Case Study on CSE India: Web Portal with Drupal Migration
Migrations from 4 disparate content databases to Drupal
Centre for Science and Environment (CSE) were inspired to build an environment portal as part of the push for portal development from the National Knowledge Commission, Govt. of India. CSE decided to release 20 years of their research articles spread over 3 proprietary systems, including a Library Management System, a Content Management System written in ASP/MS-SQL for managing the website of their premier Science and Environment magazine - Down to Earth (DTE) - and some Access Databases.
The total number of records exceeded 250,000. CSE also had a very extensive tag vocabulary, or thesaurus, of their library tags, organized as What, Where and Who lists, which represented nature of articles, geographies they represented, and people they were associated with including the authors, respectively. All the articles in its library and DTE database had been classified tagged with these.
Migrate all 300,000 records from these scattered systems into one common system
Have an excellent tagging system to cross-access content across the site
Have a powerful search to enable environment journalists and researchers to enable content filtering thus reaching 100% of the content available
CSE's vision of the portal was still evolving, and being a non-profit they had started out with a very limited budget
Srijan was engaged with a small Information Architecture exercise for the portal, which included studying of their library management system, the way they tagged articles, and gain an understanding of DTE
The DTE content management system had been around for 4-5 years and had grown along the way to meet the changing requirements of the print magazine, without any documentation whatsoever. The database therefore was in a bad shape from a design perspective, with redundant tables and data, adding to the confusion.
Srijan proposed to break the project into multiple phases, with the first being a pilot for data migration of the DTE database, which formed the bulk of the data, into an open source Content Management System.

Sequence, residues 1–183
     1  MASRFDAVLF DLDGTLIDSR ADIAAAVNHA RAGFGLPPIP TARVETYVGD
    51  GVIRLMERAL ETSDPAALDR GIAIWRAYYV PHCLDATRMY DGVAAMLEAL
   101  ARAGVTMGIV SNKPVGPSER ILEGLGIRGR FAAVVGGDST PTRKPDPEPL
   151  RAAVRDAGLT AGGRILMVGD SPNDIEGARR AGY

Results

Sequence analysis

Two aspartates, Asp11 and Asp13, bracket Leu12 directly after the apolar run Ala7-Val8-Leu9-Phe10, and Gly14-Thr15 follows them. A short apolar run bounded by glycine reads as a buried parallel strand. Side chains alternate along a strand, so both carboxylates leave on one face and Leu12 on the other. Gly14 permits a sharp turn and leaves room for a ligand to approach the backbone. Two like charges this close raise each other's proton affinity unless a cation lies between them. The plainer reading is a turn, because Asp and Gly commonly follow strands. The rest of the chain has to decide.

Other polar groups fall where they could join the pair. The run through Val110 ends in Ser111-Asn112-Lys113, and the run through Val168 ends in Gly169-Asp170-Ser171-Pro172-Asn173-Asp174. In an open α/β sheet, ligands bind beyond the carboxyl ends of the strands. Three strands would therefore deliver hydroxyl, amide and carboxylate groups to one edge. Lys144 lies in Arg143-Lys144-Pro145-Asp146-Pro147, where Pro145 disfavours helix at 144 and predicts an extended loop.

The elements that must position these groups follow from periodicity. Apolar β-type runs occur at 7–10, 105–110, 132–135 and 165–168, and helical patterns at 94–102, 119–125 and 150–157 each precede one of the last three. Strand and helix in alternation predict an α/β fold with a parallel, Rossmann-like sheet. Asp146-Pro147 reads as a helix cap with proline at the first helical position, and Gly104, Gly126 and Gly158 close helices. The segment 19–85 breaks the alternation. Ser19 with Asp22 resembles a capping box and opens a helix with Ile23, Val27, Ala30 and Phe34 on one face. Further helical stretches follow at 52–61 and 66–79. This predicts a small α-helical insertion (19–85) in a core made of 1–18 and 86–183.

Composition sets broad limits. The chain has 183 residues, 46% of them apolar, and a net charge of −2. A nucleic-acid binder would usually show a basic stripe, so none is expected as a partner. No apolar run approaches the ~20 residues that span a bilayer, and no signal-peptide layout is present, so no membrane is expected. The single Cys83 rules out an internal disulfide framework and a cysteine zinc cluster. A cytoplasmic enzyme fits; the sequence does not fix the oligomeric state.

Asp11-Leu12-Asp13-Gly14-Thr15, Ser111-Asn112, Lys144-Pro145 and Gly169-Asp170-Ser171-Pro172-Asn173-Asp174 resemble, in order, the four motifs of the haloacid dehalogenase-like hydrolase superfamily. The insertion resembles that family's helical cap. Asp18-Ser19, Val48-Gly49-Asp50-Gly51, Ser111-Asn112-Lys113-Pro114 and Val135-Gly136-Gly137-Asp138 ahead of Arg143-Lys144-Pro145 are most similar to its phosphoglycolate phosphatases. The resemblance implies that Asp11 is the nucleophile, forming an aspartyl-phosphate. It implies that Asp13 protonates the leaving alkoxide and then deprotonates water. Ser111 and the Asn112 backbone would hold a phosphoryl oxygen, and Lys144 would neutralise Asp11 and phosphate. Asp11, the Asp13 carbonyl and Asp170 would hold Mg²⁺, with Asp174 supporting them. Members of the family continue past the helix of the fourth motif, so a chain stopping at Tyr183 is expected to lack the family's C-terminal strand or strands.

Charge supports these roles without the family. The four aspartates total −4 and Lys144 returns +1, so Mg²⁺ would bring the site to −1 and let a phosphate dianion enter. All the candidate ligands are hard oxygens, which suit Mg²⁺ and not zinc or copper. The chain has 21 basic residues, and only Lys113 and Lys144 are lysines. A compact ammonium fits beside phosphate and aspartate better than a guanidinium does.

The initial choices were Drupal or TYPO3. We eventually chose Drupal, for the following reasons:
Drupal had excellent vocabulary and tag management core modules, which would have to be written in TYPO3
TYPO3 had a separate Admin interface which would have proven to be difficult to manage and use for the library team
Drupal's caching mechanism is better than TYPO3; this would be a critical requirement in the high volume traffic that CSE was expecting for the portal
A powerful and fast search engine was required for searching through 250,000 articles. Drupal had an Apache Solr search module integrated with it, which was a candidate for implementing this search.
Looking at the MS-SQL database we knew that the database architecture was poor with data redundancies.
There were some cases where UNIQUE fields were having duplicate values!
Database Normalization was missing. Thus the flexibility, data integrity and efficiency were not so good. Required to safeguard the database from anomalies
Since the data was populated through a Library Management tool, the data were having many special characters which were stored in database. During migration of those data to Mysql database, we had to clean up those. It was very much time consuming and repeated work to cleanup the data without the availability of any documentation of the database
Designing our database(MySQL) to accommodate the specific concepts of box stories and cover stories that comes with a magazine like website. It required, understanding the relationships of tables and data, the way it was maintained in MS-SQL database. Again, many redundancies/anomalies in the database for these tables.
The next phases of the project comprised of setting up Drupal (with a default theme) and build all the required modules to start showcasing the content in the desired manner. A key component of these phases was the setting up of a powerful search. Apache Solr was researched with, and selected as the choice of the search. It turned out to be an excellent decision, as in retrospect, not even Google Mini (the other search candidate) would have proved to be so beneficial for researchers. In another case study specifically on Apache Solr, we will describe how researchers within CSE are using the same to their absolute delight.